Lifelong Tory tells Hancock and Johnson ‘I won’t forgive Covid deaths’

Isabel Oakeshott was sent 'menacing message' from Matt Hancock after leak

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A lifelong Conservative voter who lost his dad to Covid-19 has told he will “never forgive” former Prime Minister Boris Johnson and former Health Secretary Matt Hancock for their handling of the pandemic while in Government. Mr Hancock’s decision-making during the health crisis is in the spotlight after Isabel Oakeshott, the journalist who helped write the former Health Secretary’s “Pandemic Diaries”, leaked his WhatsApp messages from his time in Cabinet. Among the revelations were messages allegedly showing Mr Hancock refused to listen to advice from the Government’s adviser Chris Whitty regarding Covid tests for people going into care homes.

Mr Hancock has denied this, with his spokesperson saying in a statement that “these stolen messages have been doctored to create a false story that Matt rejected clinical advice on care home testing. This is flat wrong.”

Other exchanges appeared to show Matt Hancock asking former Chancellor and then Editor of the Evening Standard, George Osborne, for a front-page “splash” to help the Government reach its testing targets.

Speaking to, David Garfinkel of the Covid-19 Bereaved Families for Justice UK group, says the leaked messages reinforce what many bereaved families feared about the Government’s handling of the pandemic – that they acted slowly and ignored scientific advice.

He said: “The evidence does lean into what we have kind of felt for a very long time. Shambolic decisions took place, yes in an incredibly difficult circumstance, but some very shambolic decisions were happening and it appears contrary to the scientific advice at the time.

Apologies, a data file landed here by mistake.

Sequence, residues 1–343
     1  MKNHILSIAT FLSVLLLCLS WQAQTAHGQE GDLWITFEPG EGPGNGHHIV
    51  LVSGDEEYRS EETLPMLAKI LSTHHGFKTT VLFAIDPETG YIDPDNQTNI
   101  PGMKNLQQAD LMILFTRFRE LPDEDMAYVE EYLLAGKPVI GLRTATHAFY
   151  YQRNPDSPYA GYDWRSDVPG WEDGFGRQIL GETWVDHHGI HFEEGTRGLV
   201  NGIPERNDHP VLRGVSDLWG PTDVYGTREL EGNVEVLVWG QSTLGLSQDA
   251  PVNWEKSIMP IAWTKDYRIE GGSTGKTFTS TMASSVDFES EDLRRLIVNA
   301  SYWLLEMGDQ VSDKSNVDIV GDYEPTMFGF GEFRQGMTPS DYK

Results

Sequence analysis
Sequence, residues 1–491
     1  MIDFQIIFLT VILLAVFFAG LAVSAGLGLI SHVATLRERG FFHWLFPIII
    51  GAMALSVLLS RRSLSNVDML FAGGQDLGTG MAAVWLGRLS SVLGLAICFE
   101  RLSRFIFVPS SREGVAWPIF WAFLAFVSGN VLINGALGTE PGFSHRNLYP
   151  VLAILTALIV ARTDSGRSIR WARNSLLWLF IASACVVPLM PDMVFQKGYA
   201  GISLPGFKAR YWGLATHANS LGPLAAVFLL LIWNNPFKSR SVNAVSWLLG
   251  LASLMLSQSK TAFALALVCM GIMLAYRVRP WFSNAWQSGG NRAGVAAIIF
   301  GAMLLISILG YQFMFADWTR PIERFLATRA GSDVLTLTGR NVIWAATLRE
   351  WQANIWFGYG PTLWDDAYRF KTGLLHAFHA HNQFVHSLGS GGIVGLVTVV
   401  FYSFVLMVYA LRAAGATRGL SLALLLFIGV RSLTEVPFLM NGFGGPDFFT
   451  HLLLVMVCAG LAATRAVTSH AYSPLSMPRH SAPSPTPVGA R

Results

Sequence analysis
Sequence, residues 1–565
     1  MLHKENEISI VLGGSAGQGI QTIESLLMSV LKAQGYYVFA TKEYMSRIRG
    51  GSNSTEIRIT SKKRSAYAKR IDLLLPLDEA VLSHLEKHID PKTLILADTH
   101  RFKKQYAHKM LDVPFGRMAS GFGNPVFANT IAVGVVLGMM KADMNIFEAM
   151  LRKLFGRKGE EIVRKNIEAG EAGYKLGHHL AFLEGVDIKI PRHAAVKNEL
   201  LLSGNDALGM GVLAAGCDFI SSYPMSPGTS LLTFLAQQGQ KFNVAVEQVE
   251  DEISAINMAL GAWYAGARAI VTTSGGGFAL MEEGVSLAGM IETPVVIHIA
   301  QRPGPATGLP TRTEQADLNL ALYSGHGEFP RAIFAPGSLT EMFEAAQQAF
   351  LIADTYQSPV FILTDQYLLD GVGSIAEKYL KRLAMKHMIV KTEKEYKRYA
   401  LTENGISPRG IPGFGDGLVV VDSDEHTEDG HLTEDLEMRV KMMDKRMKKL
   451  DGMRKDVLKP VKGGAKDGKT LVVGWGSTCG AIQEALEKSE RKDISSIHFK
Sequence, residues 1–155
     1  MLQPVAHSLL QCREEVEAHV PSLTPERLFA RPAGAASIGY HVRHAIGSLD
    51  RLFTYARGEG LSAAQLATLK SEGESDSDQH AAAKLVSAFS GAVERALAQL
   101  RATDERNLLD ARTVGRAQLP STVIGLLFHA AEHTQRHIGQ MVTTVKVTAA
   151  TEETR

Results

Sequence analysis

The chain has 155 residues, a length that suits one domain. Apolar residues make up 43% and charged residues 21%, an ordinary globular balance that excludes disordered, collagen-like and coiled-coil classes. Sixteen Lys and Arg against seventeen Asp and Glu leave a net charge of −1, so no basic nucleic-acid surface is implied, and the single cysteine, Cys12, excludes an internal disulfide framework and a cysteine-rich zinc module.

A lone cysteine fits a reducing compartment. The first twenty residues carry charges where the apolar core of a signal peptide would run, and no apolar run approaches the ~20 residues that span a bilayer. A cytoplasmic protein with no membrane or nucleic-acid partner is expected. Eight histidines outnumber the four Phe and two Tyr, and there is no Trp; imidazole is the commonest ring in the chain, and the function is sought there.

“That led to the failure to protect thousands of people, costing hundreds of thousands of lives. Too many people died before their time because of the decisions the Government made.”

Mr Garfinkel’s 76-year-old father, Ivor, was one of the many who died during the pandemic. His dad died of Covid-19 just three weeks after Prime Minister Johnson unlocked the country on July 19 2021, also known as ‘Freedom Day’.

He added: “When I heard Freedom Day being announced, and my dad was a shielder, I felt like he was being thrown to the wolves.”

Ivor had an underlying autoimmune condition and was one of the many millions of people who had to shield during the pandemic. Mr Garfinkel says his father and wider family followed the rules right up until Ivor’s death.

This meant Ivor was unable to see his family in the days prior to his death.

Mr Garfinkel says that some of the messages included in the Telegraph’s expose seem to show the “emphasis was on political expedience and the economy rather than human lives.”

Evidence is currently being gathered for the inquiry into the Government’s handling of the pandemic, but Mr Garfinkel is frustrated that representatives of bereaved families will not get to cross-examine those who were in Government at the time.

He added that Mr Hancock’s book, his appearance on I’m a Celebrity and other endeavours have left bereaved families “reliving the trauma of the pandemic every day”.

Mr Garfinkel said: “It doesn’t go away. One minute my dad was standing there alive and well, the next minute he was gone. I couldn’t be with him, I couldn’t speak to him when he was in ICU. He was just taken from my life.